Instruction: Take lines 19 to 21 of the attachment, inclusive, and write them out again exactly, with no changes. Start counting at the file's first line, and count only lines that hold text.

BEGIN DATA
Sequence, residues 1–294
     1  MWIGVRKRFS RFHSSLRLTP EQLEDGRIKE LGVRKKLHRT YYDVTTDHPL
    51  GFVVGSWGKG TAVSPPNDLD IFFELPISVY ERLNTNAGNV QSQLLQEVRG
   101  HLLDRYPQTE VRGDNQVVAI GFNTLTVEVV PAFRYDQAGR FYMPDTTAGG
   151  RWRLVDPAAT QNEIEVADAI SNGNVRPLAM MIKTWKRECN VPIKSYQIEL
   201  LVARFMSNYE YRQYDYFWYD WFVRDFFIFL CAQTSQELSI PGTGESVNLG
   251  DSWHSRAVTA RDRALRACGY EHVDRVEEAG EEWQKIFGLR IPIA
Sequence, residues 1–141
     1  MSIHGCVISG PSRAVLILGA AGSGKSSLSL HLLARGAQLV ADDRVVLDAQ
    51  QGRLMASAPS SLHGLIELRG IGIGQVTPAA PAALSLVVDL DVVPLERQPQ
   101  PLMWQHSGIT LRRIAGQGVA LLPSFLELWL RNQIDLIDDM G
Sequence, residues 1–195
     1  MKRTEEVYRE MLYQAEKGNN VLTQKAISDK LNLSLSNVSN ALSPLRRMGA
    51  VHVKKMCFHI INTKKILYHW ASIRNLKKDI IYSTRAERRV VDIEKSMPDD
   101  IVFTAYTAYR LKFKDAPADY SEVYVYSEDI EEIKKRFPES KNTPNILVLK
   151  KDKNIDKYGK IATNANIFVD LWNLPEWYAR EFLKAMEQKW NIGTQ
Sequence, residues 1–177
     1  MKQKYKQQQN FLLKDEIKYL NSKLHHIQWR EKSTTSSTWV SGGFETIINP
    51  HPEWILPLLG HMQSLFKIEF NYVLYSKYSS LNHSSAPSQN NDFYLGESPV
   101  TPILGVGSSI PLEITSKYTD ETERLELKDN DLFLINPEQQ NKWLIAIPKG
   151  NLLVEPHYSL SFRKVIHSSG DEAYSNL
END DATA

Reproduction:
    51  HPEWILPLLG HMQSLFKIEF NYVLYSKYSS LNHSSAPSQN NDFYLGESPV
   101  TPILGVGSSI PLEITSKYTD ETERLELKDN DLFLINPEQQ NKWLIAIPKG
   151  NLLVEPHYSL SFRKVIHSSG DEAYSNL